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In Iowa, Heartland Democrats Ask ‘What About the Economy, Stupid?’
But candidates are divided on how populist their messages need to be

Ohio Rep. Tim Ryan talks with Heather Ryan (no relation), a Democratic candidate in Iowa’s 3rd District, during a steak fry in Des Moines on Sept. 30. (Charlie Neibergall/AP File Photo)

DES MOINES, Iowa — Democrats in the Midwest know that the way to win back voters in states like Iowa is to talk about the economy, but they’re debating how exactly to do it.

As a state that can make or break presidential campaignsand one that had regularly sent liberal Democrats to Washington, Iowa now serves as a test of whether Democrats can win back white voters who have swung toward the Republican Party over the last decade.

Trump to Dems: Tax Plan Is About Reviving ‘Middle-Class Miracle’
President warns Joe Donnelly of tough campaign unless he supports tax bill

President Donald Trump speaks to supporters in Indianapolis on Wednesday about the Republicans’ tax overhaul plan. (Joshua Lott/Getty Images)

President Donald Trump called on Democratic lawmakers Wednesday to get on board with the Republican tax blueprint and revive the “middle-class miracle.” But the more Democrats dove deep into the plan, the more his bipartisan goal sounded like a long shot.

The GOP’s nine-page outline, from which the House and Senate will now begin writing separate bills featuring tax cuts and code changes, is scant on details. The document proposes individual and corporate rate cuts, doubling the standard deduction for single and joint filers, eliminating most itemized deductions, expanding the child tax credit, repealing the so-called estate tax, and making it less painful for companies to return profits to the United States.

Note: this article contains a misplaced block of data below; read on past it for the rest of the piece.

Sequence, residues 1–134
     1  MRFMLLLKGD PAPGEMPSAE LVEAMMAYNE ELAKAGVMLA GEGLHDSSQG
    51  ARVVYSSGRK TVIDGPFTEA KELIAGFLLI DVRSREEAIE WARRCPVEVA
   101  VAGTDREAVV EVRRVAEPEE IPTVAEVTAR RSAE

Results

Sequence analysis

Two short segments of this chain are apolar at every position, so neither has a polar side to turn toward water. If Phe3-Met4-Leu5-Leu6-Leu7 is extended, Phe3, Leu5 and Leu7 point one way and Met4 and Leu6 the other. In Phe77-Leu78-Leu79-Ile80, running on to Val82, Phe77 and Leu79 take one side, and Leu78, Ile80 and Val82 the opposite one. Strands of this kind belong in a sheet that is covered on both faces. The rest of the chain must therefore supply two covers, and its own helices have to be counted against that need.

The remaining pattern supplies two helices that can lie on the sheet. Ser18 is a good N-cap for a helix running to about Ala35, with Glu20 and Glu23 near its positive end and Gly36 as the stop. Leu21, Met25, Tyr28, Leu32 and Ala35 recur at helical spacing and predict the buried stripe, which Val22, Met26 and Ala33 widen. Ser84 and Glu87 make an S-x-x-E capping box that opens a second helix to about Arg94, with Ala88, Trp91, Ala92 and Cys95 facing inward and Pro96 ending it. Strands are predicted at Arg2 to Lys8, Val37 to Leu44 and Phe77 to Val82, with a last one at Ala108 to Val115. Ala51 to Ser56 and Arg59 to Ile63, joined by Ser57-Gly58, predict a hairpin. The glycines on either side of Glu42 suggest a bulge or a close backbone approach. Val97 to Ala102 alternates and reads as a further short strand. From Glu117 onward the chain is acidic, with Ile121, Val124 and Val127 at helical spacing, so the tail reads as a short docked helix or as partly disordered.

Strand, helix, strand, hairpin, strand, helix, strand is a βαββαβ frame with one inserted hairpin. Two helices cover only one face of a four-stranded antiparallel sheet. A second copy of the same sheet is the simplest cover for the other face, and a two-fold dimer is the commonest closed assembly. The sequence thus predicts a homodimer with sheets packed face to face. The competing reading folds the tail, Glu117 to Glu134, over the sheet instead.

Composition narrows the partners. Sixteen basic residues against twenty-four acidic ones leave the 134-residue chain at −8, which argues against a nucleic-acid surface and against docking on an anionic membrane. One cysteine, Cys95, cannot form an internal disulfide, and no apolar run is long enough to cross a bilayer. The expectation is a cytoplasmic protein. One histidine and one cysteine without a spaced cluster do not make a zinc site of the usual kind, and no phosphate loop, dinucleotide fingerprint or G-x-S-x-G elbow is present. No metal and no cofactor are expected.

A Blue Badger in Trump Country
Baldwin cites causes she’s championed well before the president

Wisconsin Sen. Tammy Baldwin is one of 10 Senate Democrats up for re-election next year in states won by President Donald Trump. (Bill Clark/CQ Roll Call)

HAYWARD, Wis. — On the banks of Moose Lake, Sen. Tammy Baldwin served meals from a food truck purchased by the local senior resource center and expanded with a grant from the U.S. Department of Agriculture.

Later, Baldwin heard from constituents concerned about President Donald Trump’s proposed cuts to the very same USDA program. She vowed to fight those and other suggested funding reductions from her perch on the Senate Appropriations Committee.

GOP Rep. Pete Sessions Gets Another Democratic Challenger
Lillian Salerno worked for the Obama administration

Salerno entered the Democratic primary in the race against GOP Rep. Pete Sessions. (Photo courtesy of Salerno’s campaign)

Lillian Salerno announced Tuesday that she is jumping into the field of Democrats hoping to take on Texas GOP Rep. Pete Sessions, as Sessions emphasizes that he is definitely running for re-election.

Democrats are targeting the district that includes northern Dallas, which Hillary Clinton narrowly won in November. In 2016, Sessions did not have a Democratic opponent. But Salerno, who worked in the Obama administration, is joining an already crowded field of Democrats who will face off in a March 6 primary.

Diane Black Unsure about Finishing Her Term
House Budget Committee chairwoman said she wants to get budget passed before making a decision

Rep. Diane Black, R-Tenn., is weighing whether to continue her term in the House or to run for governor full-time. (Tom Williams/CQ Roll Call file photo)

Tennessee Rep. Diane Black is unsure if she will finish her current term in Congress as she runs for governor.

Black told reporters at the Tennessee State Fair on Monday that she had not yet made that decision, the Tennesseean in Nashville reported.

Word on the Hill: Highest Congressional Honor for Dole